Such lysed cell-derived ingredients seemed non-phsiologic to us then, and still do today. Fibroblasts are puny weaklings when it comes to secreting bio-signals, and there are no parthenogenic stem cells in human physiology, hence no proven role for them in the repair and regeneration of injured (i.e. aging) skin. That did not stop International Stem Cell Corporation from aggressively marketing LifeLine products, whose breakthrough ingredient is lysed parthenogenic stem cells. Any newly-discovered “breakthrough” ingredient is all it takes to make a compelling marketing message and launch a new product.
Success, however, is not guaranteed. International Stem Cell Corporation still managed to financially implode, even after LifeLine was introduced. BFT reviewed the LifeLine science and company fortunes several years ago.
IF AT FIRST YOU DON’T SUCCEED…
The technology in DefenAge is from the same scientist who was the Director of Research & Therapeutic Development at International Stem Cell Corporation, the developers of LifeLine.
His latest technology, Age-Repair Defensins, is the touted breakthrough ingredient in DefenAge and consists of combined alpha and beta defensins. The defensins in the product are synthetically produced.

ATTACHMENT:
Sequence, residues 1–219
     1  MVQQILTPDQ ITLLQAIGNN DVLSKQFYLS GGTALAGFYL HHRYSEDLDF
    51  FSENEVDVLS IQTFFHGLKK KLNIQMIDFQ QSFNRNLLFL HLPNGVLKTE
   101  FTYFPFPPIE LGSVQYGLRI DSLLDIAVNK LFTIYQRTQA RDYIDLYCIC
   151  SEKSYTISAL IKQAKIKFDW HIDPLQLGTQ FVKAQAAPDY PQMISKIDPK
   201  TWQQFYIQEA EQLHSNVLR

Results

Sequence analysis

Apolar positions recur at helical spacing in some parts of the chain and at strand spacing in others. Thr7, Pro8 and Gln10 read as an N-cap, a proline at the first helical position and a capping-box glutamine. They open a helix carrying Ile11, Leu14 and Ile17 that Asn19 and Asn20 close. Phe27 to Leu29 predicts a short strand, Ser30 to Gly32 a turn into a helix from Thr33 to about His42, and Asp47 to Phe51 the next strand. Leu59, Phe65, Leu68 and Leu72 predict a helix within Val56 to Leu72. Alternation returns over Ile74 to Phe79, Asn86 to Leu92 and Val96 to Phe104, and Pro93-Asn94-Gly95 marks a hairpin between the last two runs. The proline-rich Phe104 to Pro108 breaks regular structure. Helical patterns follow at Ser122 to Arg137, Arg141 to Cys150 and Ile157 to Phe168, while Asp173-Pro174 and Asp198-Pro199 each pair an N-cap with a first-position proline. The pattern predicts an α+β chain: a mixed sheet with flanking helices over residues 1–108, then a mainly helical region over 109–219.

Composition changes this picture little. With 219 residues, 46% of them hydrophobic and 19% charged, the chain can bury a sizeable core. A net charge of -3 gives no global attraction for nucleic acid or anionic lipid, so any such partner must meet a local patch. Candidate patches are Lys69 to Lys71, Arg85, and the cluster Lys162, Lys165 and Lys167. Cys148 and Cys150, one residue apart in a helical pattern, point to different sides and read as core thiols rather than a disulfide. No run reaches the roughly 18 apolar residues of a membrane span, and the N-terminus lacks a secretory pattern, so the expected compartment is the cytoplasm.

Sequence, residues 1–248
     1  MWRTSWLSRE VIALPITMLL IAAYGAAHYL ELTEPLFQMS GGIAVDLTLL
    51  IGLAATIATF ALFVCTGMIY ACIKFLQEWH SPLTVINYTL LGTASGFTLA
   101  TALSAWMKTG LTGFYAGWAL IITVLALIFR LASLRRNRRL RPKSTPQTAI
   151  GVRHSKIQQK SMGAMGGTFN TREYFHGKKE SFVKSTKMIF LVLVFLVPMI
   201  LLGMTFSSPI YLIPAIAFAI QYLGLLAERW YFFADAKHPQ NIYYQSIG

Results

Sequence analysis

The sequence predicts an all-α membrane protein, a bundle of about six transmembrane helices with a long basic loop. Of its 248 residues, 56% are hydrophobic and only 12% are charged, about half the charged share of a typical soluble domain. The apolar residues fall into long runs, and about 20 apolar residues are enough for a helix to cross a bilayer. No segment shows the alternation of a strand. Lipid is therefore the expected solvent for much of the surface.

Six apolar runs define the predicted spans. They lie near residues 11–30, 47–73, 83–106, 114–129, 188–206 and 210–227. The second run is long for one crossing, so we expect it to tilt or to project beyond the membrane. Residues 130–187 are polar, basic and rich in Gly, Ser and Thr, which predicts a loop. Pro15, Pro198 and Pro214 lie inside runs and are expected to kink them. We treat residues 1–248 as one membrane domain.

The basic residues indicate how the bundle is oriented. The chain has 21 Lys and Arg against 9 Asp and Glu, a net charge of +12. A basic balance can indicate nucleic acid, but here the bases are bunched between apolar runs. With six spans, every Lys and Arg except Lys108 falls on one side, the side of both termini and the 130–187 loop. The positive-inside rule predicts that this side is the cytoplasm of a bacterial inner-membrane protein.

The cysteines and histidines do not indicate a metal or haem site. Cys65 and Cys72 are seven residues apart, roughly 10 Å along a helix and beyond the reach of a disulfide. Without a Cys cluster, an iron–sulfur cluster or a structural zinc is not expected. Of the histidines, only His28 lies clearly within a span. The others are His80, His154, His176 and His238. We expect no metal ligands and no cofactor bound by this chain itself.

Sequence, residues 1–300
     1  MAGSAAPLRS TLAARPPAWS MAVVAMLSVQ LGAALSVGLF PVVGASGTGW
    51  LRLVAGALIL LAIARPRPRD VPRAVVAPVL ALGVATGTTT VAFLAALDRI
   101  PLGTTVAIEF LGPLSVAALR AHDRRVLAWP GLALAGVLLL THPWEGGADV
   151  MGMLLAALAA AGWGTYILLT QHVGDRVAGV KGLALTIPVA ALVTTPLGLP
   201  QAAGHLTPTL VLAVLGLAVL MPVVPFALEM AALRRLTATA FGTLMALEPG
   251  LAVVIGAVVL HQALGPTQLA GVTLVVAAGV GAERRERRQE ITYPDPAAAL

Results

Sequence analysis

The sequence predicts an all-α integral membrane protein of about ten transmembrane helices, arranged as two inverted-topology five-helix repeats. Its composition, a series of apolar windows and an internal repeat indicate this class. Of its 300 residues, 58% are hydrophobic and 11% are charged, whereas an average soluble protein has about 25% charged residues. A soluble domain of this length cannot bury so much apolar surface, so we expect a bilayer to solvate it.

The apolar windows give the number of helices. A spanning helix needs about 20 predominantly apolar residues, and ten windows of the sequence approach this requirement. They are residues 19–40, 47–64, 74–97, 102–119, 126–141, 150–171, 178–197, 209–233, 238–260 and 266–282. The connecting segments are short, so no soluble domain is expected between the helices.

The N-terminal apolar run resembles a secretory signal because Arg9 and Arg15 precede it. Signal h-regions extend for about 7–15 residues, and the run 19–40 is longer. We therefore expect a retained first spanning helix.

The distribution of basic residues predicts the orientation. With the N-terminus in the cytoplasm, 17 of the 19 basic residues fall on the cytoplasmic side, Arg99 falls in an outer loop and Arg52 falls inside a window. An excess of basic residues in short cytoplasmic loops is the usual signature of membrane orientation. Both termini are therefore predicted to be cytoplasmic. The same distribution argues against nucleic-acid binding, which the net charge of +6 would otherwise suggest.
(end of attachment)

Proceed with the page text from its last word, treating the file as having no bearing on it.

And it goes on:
(Just so we’re clear – nothing wrong there. Synthetically produced bio-signals are used in many products, including several we make.)
“INTERESTING” PHYSICIAN TESTIMONIALS about DEFENAGE
DefenAge is being marketed aggressively, with much of the collateral in the form of testimonials from KOLs describing clinical results and the scientific foundation of the product, sometimes (in our humble opinion) with questionable use of language.
“The key ingredient, Age-Repair Defensins®, features a stand-alone NATURAL mechanism of action, and has been named “the newest peptide on the market” and “one of the biggest breakthroughs in skin care”. These peptides are synthetically produced and target dormant Skin’s Master Stem Cells.”
“What I thought was so fascinating about DefenAge was that it was something that could simulate dormant stem cells which I had never seen in this type of delivery system before. There are many products claiming to have stem cells, but creams don’t contain living organisms in them so the idea that you could stimulate the skin to become more useful without turning on bad cells was a very exciting proposition.”